What Are Therapeutic Communities?
If you are dealing with a pretty severe addiction that is accompanied by serious withdrawal symptoms and/or you have an addiction and a mental health disorder as well, you may find that outpatient rehabilitation isn’t an appropriate option. For some people, 24-hour structured and intensive care is a must.
Inpatient rehab comes in many forms, but it all attempts to help you live a drug-free life after treatment. You may feel most served in short-term residential treatment, which the National Institute on Drug Abuse (NIDA) asserts: “typically focuses on detoxification as well as providing initial intensive counseling and preparation for treatment in a community-based setting.”
Or, you might be best served by recovery housing: short term housing that can be followed up with other forms of treatment. It often helps people to figure out how to live independently from day to day without drugs or alcohol.
On the other hand, you may need to be part of a more structured therapeutic community, in which you will remain in treatment for 6 to 12 months.
If you feel like you are a candidate for inpatient rehab and you need questions answered, resources offered, or treatment located, InpatientDrugRehabCenters.com can help. We have experts available to aid you in the process of seeking out in patient care. Give us a call at 800-681-7369 and let us help you.
What Is the History of Therapeutic Communities?
At their most basic, therapeutic communities are a popular form of residential treatment for substance use disorders.
The concept of residential solutions to drug and alcohol addiction have a long history. The National Library of Medicine identifies the start of sober living houses in the 1830s; during this time, they were primarily operated by religious organizations—like the YMCA and Salvation Army— who were part of the temperance movement (a social movement against the consumption of alcoholic beverages). In the beginning, these homes had a single person in charge and residents were obligated to follow the rules, which often included mandatory church attendance, and to obey the house manager.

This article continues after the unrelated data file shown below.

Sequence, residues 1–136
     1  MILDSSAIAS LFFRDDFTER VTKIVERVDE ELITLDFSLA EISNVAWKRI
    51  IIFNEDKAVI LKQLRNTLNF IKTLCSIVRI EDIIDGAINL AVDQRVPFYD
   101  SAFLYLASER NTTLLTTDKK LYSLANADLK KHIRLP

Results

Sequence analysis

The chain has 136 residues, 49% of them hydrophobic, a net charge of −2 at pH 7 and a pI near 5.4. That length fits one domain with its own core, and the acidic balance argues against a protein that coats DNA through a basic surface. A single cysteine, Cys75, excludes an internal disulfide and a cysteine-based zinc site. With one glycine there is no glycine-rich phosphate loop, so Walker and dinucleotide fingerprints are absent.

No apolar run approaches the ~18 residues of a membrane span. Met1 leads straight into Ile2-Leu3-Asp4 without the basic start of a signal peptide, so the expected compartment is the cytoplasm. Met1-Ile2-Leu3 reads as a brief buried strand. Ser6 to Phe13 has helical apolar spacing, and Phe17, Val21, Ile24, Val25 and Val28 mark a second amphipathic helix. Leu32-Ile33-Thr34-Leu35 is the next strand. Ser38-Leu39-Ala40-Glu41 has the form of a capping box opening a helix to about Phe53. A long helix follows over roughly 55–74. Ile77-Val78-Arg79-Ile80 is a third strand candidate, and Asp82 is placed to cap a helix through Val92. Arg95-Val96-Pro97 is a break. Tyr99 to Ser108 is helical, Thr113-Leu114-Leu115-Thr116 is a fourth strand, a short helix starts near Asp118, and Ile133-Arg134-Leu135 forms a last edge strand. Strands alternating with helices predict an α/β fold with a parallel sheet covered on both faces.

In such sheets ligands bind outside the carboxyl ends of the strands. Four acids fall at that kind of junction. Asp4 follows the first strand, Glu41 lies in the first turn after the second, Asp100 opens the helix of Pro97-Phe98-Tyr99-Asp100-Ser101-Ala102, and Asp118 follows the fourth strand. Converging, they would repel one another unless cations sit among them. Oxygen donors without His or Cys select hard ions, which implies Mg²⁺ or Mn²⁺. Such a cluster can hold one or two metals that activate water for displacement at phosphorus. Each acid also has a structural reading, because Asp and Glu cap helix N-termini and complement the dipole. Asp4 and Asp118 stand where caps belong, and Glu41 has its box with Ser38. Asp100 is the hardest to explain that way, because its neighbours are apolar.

Alcoholics Anonymous, founded in 1935, would also create its own 12 step homes to provide drug and alcohol-free housing options for people seeking rehabilitation.
In the 1950s, the self-help recovery movement would re-shape sober living homes to be run more democratically. According to NIDA, the first therapeutic community was founded in California in 1958; it was the Syanon residential rehab community.
Traditionally, no medications of any kind were permitted in TCs, but evolving understanding of addiction and its treatment has somewhat relaxed these rules.
Adaptations have also occurred in the populations being treated. The 1990s ushered in therapeutic communities that aimed to treat the homeless, women, adolescents, people in the justice system, and people with concurrent disorders (for example, people with severe depression and alcoholism).
How Do They Approach Recovery?
Therapeutic communities take a holistic approach (often termed a recovery orientation), aiming to treat the whole person and to develop wholescale lifestyle changes, rather than just focusing on living free of drugs and alcohol.
Because of this, the communities are more open to relapse, viewing it as an opportunity to assess and recommit to the program, instead of framing it as a failure. The NIDA clarifies: “Recovery is seen as a gradual, ongoing process of cognitive change through clinical interventions, and it is expected that it will take time for program participants to advance through the stages of treatment, setting personal objectives along the way.”
Participants are encouraged to examine their lifestyle choices and to work toward what is called “right living”—being honest, taking responsibility, working hard, and remaining willing to learn. Each stage of progress through recovery enables participants to take more personal responsibility. They should leave the community employed/in school or training and drug-free. This is about helping them to develop a healthy life and not simply a sober one.
Do They Work?
In general, research demonstrates that people in therapeutic communities show improvements in criminal behavior, substance abuse, and mental health disorders. People who enter the community with severe problems often show the most progress.
If you feel like inpatient rehab is for you and are interested in learning more about therapeutic communities and the role they could play in your life, contact InpatientDrugRehabCenters.com at 800-681-7369 today.